Airbnb listings aren’t required to comply with the ADA.
Mason Ameri, Rutgers University Newark and Douglas L. Kruse, Rutgers University
“How could you see my listing if you’re blind?”
“I’d have to check with our insurance company to see if we’re covered to host guests with disabilities.”
“Does the dog drive?”
Those are three typical responses we got from Airbnb hosts while posing as guests with disabilities for a study we conducted on the home-sharing service. Some hosts were willing to accommodate us. Some were uneasy. Some were insensitive. We effectively became Airbnb’s secret shopper – even secret to Airbnb – to determine if its credo to “belong anywhere” implied that this service was designed with disability access and civil rights in mind.
Our results revealed that Airbnb’s platform perpetuates the social exclusion of people with disabilities. We don’t believe this is done intentionally, but the unregulated nature of rental listings end up subverting the goals of the Americans with Disabilities Act, which turns 30 in July.
What the ADA changed
Before this landmark law, people with disabilities had a very hard time engaging in American life. Structural barriers like buildings without elevators made it difficult to use public transit and limited where people with disabilities could work. They were essentially rendered second-class citizens.
For example, people using wheelchairs had to abandon them if they needed to ride trains or buses. Grocery stores and other buildings were usually not accessible to people with disabilities, and restaurants even refused to serve them. Public schools excluded an estimated 1 million children with disabilities. And employers could legally avoid hiring someone because of his or her disability – and paid them less than their able-bodied peers with similar qualifications.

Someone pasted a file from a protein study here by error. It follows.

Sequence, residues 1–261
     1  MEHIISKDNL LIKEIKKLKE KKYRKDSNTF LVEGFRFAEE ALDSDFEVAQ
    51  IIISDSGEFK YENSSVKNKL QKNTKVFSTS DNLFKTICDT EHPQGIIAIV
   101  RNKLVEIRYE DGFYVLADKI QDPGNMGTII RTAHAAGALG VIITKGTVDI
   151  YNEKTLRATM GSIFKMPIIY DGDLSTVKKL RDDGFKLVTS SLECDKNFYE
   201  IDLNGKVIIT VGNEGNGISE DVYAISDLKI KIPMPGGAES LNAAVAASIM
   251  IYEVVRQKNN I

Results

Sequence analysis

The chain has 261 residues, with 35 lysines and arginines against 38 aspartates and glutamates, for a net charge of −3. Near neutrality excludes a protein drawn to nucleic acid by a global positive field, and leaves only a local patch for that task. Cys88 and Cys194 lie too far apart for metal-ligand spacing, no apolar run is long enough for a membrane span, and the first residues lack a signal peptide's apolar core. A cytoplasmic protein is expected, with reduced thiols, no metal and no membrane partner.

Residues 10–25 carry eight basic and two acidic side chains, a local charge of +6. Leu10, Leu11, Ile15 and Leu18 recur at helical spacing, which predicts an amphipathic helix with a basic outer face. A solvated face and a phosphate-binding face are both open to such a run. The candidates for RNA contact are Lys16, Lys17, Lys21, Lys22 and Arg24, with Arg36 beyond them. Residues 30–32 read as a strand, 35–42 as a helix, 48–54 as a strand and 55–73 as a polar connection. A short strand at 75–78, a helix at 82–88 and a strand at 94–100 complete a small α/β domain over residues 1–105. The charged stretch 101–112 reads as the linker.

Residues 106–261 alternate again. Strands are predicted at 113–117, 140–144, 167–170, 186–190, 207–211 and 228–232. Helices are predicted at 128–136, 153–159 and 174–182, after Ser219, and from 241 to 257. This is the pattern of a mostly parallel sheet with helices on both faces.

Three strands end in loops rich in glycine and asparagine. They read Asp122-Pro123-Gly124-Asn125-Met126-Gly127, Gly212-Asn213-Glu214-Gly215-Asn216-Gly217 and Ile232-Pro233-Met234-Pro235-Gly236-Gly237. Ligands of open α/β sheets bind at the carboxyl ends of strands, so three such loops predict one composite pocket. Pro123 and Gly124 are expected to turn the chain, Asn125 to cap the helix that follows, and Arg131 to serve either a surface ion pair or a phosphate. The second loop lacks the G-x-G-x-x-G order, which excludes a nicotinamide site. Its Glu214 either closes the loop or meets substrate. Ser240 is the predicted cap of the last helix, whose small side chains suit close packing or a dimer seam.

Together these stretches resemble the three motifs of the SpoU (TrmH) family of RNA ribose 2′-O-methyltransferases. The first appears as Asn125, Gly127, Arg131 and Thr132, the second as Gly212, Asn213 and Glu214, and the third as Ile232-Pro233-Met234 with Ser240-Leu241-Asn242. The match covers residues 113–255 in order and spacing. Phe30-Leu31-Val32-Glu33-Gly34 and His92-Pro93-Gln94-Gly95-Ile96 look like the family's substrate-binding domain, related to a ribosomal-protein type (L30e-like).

This began to change in 1990 with the passage of the ADA, which prohibits disability-based discrimination in all areas of public life. The law makes sure that people with disabilities have the same rights and opportunities as those without disabilities. Particularly, Title III of the ADA covers public accommodations – including private hotels – and requires them to make appropriate changes in policies, practices and procedures, unless this would radically change how businesses operate.
The law, however, was never designed to cover private citizens, such as Airbnb hosts. The recent rise of the largely unregulated sharing economy thus complicates whether the ADA applies to these new types of largely person-to-person transactions. It’s a world in which workers are rarely “employees,” and businesses are often just regular people sharing their apartment with a stranger.
Traditionally, the ADA prohibits businesses like hotels from discriminating against people with disabilities. However, Airbnb is not a normal hospitality company that manages and franchises a collection of hotels and resorts. Instead, it’s a broker between hosts who temporarily sublet their homes and guests who seek affordable and unconventional places to stay.
To that end, listings are not hotels either. And the ADA specifically applies only to places with more than five rooms to rent and are not occupied by the homeowner as a place of residence. These conditions are seldom met on Airbnb. Therefore, many hosts are not legally prohibited from discriminating, which means that guests with disabilities are subject to pre-ADA conditions.
We began our study in June 2016, investigating access to nearly 4,000 Airbnb listings by requesting lodgings with the use of simulated people who had disabilities or were able-bodied. Inconspicuously, across the U.S., we solicited hosts with fake guests who experience blindness, cerebral palsy, spinal cord injury, dwarfism or no disability. The study concluded in November 2016, and we analyzed host responses through early 2017. Following a peer review, we published our findings in February 2019.
Discrimination against our disabled guests was evident. Those without disabilities were offered preapprovals – that is, following an initial inquiry about availability, hosts may make approval automatic once a guest requests a booking – 75% of the time, whereas those with disabilities had a much harder time, depending on the disability.